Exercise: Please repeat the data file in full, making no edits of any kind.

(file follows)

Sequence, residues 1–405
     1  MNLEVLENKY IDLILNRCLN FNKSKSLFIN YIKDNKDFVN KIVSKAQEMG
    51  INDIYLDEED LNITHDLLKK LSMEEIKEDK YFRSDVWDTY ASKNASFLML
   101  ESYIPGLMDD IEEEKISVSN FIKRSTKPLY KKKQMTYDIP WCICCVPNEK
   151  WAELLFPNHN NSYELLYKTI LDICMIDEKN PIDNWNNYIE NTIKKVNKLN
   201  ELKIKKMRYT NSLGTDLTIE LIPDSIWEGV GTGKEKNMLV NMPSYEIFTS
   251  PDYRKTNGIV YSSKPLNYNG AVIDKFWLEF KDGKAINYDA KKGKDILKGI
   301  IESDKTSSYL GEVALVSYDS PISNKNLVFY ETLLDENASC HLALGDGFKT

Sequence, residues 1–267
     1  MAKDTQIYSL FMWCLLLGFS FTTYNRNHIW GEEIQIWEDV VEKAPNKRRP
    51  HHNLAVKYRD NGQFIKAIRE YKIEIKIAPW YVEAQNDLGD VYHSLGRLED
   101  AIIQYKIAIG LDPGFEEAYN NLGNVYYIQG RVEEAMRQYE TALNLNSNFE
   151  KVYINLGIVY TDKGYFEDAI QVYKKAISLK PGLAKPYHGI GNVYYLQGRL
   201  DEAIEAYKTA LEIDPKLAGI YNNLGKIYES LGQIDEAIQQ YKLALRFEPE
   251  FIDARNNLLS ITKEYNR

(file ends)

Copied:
Sequence, residues 1–405
     1  MNLEVLENKY IDLILNRCLN FNKSKSLFIN YIKDNKDFVN KIVSKAQEMG
    51  INDIYLDEED LNITHDLLKK LSMEEIKEDK YFRSDVWDTY ASKNASFLML
   101  ESYIPGLMDD IEEEKISVSN FIKRSTKPLY KKKQMTYDIP WCICCVPNEK
   151  WAELLFPNHN NSYELLYKTI LDICMIDEKN PIDNWNNYIE NTIKKVNKLN
   201  ELKIKKMRYT NSLGTDLTIE LIPDSIWEGV GTGKEKNMLV NMPSYEIFTS
   251  PDYRKTNGIV YSSKPLNYNG AVIDKFWLEF KDGKAINYDA KKGKDILKGI
   301  IESDKTSSYL GEVALVSYDS PISNKNLVFY ETLLDENASC HLALGDGFKT

Sequence, residues 1–267
     1  MAKDTQIYSL FMWCLLLGFS FTTYNRNHIW GEEIQIWEDV VEKAPNKRRP
    51  HHNLAVKYRD NGQFIKAIRE YKIEIKIAPW YVEAQNDLGD VYHSLGRLED
   101  AIIQYKIAIG LDPGFEEAYN NLGNVYYIQG RVEEAMRQYE TALNLNSNFE
   151  KVYINLGIVY TDKGYFEDAI QVYKKAISLK PGLAKPYHGI GNVYYLQGRL
   201  DEAIEAYKTA LEIDPKLAGI YNNLGKIYES LGQIDEAIQQ YKLALRFEPE
   251  FIDARNNLLS ITKEYNR